The biggest advantage of summer is time. With a whole day at their disposal, free of class schedules and bells, kids and providers have more time to delve into projects, lessons, games, etc. This separation from school also changes one’s mind-set. Summer exists apart from the school year, away from tests and grades and report cards, providing even more freedom for fun and exploration that embed the very real learning that is happening every minute. Using that additional time for active or project-based learning will help students engage with the material and carry what they learned over the summer into the new school year.
Literacy is recognized as a critical building block for success in school and in life, and summer learning loss in reading has been identified as a primary source of the widening achievement gap between lower- and higher-income children and youth. Also, California’s public schools serve a high proportion of English-language learners, who especially need academic enrichment to improve language arts and literacy skills. The California Library Association and local branch libraries have been essential partners in each summer community, bringing kids to the library, sending the bookmobiles to schools and training program staff on teaching literacy skills. As a result, kids who have no books at home are getting library cards and getting excited about reading year-round.
California is known for its beautiful and varied natural landscape, from deserts to forests to beaches, but there are so many kids who, despite proximity to such natural resources, have never gotten to experience them. The California State Parks, working with local parks, have been a key partner for each community in introducing kids to the natural wonders that are within their reach. But this emphasis on taking education outside serves purposes beyond celebrating California kids’ natural heritage. Kids use all their senses when learning outside, which really cements their knowledge. Also, many kids find their intelligence lives outside, so a child who is mute in the classroom comes alive when talking about the birds on a nature walk.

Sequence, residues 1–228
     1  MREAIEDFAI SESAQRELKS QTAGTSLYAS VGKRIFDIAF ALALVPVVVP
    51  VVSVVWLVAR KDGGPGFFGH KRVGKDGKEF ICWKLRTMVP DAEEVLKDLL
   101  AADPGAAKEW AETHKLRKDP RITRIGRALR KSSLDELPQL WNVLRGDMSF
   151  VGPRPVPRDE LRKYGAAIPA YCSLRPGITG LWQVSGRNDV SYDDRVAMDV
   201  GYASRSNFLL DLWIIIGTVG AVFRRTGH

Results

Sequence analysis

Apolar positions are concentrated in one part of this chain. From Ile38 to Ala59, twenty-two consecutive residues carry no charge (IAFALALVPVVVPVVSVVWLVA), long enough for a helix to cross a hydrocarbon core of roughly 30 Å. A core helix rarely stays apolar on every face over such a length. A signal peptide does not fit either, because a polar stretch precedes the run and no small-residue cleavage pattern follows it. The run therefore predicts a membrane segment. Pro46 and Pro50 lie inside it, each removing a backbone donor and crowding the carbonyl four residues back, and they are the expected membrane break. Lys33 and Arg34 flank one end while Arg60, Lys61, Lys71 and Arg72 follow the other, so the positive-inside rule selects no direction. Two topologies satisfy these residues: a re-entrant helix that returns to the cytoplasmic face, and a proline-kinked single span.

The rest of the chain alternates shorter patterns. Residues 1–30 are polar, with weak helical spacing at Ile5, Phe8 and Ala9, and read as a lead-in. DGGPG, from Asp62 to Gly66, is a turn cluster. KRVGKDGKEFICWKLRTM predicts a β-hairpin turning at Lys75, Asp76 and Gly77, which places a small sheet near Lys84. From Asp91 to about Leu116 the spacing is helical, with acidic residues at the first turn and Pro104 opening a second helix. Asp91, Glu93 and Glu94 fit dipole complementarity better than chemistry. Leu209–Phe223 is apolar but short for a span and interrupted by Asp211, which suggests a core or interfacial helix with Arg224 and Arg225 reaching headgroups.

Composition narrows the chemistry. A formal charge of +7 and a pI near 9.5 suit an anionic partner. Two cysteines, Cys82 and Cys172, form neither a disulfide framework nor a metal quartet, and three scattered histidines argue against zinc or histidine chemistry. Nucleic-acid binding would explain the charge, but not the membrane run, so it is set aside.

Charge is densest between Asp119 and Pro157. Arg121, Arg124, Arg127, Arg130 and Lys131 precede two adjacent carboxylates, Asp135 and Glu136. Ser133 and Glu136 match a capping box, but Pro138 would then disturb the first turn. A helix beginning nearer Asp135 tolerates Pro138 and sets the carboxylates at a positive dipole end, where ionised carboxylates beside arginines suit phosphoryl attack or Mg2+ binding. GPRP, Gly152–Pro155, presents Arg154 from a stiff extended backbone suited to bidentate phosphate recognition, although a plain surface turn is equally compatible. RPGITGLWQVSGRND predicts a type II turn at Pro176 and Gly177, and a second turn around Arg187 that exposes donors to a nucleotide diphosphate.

Fitness and Nutrition
Given the nation’s rising rate of childhood obesity, which is exacerbated during the summer months , all programs are placing an emphasis on healthy food choices and structured opportunities for play and physical activity. Summer is the perfect time to play outside, and it’s a time when so many fruits and vegetables are available. In addition to providing healthy meals and snacks, programs are taking kids to local farmers markets and teaching them how to prepare healthy meals with healthy ingredients. Some parents have noticed that their overweight child has lost weight over the summer because they are so active in the program.
What Parents Want and What Students Need
Summer is traditionally a family time; parents want to spend time with their kids while they are on a break from school. At the same time, polling shows that California parents place a high priority on ensuring their kids don’t fall behind academically while school is out. They want their kids to both learn and have fun during the summer in programs that offer a variety of activities, including academics, sports, arts and other enrichment. Fortunately, the sort of varied programming parents want is exactly what research shows works to help kids keep learning during the summer.
Community Partnerships and Support
The key to providing a variety of activities is bringing a variety of partners together to support the summer programs. Cooperation between schools and community organizations strengthens all parties by leveraging and maximizing all of a community’s resources, a practice that is vital in such economically trying times. All our summer programs are working with a variety of partners, including parks and libraries. These partners provide unique resources and experiences for the children during the summer that broaden the children's horizons and strengthen their connections to their community’s resources for the rest of their lives.
Summer is the Season for Learning
Added together, these elements comprise a bold new vision for summer learning. This new vision for summer is what California should embrace when funding returns to schools and summer learning programs are restored. The new vision does not involve a choice between remediation and enrichment, or a conflict between family time and summer school. The new vision for summer in California brings together the best elements of what schools, communities and families have to offer to keep kids safe, engaged and learning when school is out.
Read More About Summer Learning and Enrichment
Please contact Katie Brackenridge, Director, Out of School Time Initiatives